What are your rights if your child is struggling in school?

If you suspect that your child may have a learning disability, you have the right to ask the school to evaluate your child. Under federal law, the school must complete all requested evaluations within 60 days of the parents providing consent to evaluate. (In Massachusetts, that number is 45 days.) Assessments shall include all areas related to the suspected disability. In addition to the general intelligence and academic assessments, these areas can include (but are not limited to) social emotional status, motor abilities, health, vision, hearing, and assistive technology.

Once the assessments are complete, the school must hold a “Team Meeting” to review the data. This team consists of the parents, at least one regular education teacher, at least one special education teacher, a representative of the school district who is qualified to provide or supervise the provision of specially designed instruction to meet the child’s needs, someone who can properly interpret the evaluation data, other individuals as requested by the parents or district who have special knowledge of the child, and, if appropriate, the child. If the team determines that the child requires special education services, it will propose an Individualized Education Program (IEP).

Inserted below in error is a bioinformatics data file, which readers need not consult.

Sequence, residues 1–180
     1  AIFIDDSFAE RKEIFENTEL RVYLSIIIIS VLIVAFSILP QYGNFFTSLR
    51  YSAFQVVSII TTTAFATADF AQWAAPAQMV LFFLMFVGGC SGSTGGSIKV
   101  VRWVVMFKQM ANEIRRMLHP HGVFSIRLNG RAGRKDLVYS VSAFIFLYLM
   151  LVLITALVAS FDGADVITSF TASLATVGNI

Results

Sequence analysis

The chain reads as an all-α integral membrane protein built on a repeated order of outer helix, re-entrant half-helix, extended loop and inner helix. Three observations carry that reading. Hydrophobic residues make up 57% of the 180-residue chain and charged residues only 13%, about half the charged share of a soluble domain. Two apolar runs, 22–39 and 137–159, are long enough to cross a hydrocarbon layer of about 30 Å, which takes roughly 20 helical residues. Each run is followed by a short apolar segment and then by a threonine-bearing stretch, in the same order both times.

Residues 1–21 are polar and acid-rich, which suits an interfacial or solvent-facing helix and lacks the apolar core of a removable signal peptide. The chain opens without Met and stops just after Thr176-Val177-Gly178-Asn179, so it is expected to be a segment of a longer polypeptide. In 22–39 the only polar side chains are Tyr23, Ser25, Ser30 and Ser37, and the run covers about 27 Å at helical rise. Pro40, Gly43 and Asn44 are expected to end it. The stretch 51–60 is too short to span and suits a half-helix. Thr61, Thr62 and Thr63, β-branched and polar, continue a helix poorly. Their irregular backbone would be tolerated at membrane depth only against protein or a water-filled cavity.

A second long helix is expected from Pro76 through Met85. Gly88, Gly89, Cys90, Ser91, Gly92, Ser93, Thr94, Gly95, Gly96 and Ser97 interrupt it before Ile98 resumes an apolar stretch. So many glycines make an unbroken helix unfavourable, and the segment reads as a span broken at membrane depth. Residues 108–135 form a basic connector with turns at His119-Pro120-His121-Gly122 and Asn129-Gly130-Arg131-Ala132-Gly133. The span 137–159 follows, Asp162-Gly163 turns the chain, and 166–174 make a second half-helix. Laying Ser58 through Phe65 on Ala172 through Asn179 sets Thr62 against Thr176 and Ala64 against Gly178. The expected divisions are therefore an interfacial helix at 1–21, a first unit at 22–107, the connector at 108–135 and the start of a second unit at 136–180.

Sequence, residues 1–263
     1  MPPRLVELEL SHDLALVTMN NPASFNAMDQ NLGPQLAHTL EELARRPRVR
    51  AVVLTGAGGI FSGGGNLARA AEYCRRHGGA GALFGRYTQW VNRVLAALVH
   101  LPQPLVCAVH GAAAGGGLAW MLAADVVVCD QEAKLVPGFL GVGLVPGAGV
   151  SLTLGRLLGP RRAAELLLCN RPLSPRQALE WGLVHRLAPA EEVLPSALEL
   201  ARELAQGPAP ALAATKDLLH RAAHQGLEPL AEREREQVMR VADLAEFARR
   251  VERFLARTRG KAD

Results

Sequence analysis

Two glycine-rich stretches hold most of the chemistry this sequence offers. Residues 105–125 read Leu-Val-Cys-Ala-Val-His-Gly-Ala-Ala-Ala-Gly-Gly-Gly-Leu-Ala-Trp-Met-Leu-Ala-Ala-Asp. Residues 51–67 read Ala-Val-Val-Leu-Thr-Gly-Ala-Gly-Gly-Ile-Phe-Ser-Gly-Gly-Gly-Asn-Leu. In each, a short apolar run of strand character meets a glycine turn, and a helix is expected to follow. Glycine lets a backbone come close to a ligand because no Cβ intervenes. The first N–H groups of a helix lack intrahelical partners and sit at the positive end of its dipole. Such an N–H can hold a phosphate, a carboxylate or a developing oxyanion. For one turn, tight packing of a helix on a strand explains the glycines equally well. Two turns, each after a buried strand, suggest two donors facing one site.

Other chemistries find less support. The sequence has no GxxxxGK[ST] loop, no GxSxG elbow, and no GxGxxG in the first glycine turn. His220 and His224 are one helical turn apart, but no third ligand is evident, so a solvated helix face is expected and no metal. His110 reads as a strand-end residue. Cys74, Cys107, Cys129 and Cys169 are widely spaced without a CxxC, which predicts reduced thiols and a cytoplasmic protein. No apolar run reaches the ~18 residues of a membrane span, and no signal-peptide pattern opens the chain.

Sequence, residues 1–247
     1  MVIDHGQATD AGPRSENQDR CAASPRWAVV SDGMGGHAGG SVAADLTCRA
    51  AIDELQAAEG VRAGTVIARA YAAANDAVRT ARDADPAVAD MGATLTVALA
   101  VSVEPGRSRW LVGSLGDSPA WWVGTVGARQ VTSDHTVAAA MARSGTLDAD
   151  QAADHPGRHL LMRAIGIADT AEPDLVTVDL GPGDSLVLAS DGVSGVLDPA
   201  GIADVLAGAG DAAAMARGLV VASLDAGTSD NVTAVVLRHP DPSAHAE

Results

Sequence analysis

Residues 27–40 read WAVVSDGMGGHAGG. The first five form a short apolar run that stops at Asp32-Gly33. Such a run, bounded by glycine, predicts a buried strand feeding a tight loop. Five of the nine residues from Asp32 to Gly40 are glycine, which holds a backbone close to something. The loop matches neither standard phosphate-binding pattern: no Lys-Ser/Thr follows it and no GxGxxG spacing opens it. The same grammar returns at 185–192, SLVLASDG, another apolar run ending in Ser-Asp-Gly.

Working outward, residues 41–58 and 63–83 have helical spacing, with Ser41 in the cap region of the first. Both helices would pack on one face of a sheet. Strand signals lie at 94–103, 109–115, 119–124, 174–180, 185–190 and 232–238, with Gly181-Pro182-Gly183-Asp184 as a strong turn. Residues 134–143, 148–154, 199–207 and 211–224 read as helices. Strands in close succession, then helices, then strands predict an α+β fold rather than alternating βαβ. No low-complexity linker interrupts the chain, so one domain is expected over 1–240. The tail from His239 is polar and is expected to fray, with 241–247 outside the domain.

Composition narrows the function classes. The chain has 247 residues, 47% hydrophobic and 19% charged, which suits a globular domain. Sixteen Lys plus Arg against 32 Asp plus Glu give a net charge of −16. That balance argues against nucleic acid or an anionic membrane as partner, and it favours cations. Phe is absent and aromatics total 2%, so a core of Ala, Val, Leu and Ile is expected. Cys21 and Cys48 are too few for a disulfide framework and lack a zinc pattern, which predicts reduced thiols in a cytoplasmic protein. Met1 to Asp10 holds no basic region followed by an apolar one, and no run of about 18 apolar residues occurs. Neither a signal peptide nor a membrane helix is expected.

Another option for parents is to have a private evaluation done, paid for by the parents. An especially useful assessment is the neuropsychological evaluation. This is a comprehensive evaluation measuring the student’s learning profile, processing speed, working memory, IQ, attention, problem solving, spatial awareness, and language, among other areas. (Some insurance companies will pay for this evaluation.) If the parents choose this option, they can choose whether they wish to share the results with the school. If they choose to share the results, the school must hold a Team Meeting within 10 days of receiving the results.

You are your child’s best advocate. If you suspect he or she may have an academic or social/emotional deficit affecting his or her ability to make effective progress, then you have the right to an evaluation each year.